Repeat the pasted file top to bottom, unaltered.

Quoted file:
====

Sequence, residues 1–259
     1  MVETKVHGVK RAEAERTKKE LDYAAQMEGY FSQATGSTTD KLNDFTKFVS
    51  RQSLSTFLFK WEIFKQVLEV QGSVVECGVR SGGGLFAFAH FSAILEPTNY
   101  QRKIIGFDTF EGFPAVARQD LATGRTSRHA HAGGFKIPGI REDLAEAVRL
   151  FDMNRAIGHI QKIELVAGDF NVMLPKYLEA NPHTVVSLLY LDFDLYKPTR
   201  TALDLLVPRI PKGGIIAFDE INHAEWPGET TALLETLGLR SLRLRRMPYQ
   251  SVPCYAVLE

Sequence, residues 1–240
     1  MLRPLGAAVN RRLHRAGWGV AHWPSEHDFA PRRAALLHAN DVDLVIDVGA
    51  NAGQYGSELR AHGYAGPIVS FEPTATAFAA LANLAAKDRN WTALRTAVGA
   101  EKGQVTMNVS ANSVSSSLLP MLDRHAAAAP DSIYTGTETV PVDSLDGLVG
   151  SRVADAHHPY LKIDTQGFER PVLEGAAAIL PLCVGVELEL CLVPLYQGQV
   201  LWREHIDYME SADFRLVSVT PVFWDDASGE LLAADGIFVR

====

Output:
Sequence, residues 1–259
     1  MVETKVHGVK RAEAERTKKE LDYAAQMEGY FSQATGSTTD KLNDFTKFVS
    51  RQSLSTFLFK WEIFKQVLEV QGSVVECGVR SGGGLFAFAH FSAILEPTNY
   101  QRKIIGFDTF EGFPAVARQD LATGRTSRHA HAGGFKIPGI REDLAEAVRL
   151  FDMNRAIGHI QKIELVAGDF NVMLPKYLEA NPHTVVSLLY LDFDLYKPTR
   201  TALDLLVPRI PKGGIIAFDE INHAEWPGET TALLETLGLR SLRLRRMPYQ
   251  SVPCYAVLE

Sequence, residues 1–240
     1  MLRPLGAAVN RRLHRAGWGV AHWPSEHDFA PRRAALLHAN DVDLVIDVGA
    51  NAGQYGSELR AHGYAGPIVS FEPTATAFAA LANLAAKDRN WTALRTAVGA
   101  EKGQVTMNVS ANSVSSSLLP MLDRHAAAAP DSIYTGTETV PVDSLDGLVG
   151  SRVADAHHPY LKIDTQGFER PVLEGAAAIL PLCVGVELEL CLVPLYQGQV
   201  LWREHIDYME SADFRLVSVT PVFWDDASGE LLAADGIFVR